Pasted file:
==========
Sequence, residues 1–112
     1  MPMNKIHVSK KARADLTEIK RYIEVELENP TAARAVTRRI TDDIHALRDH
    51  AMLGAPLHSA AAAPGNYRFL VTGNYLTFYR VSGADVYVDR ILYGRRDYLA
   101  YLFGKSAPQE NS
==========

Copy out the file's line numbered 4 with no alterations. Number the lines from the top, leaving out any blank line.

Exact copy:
   101  YLFGKSAPQE NS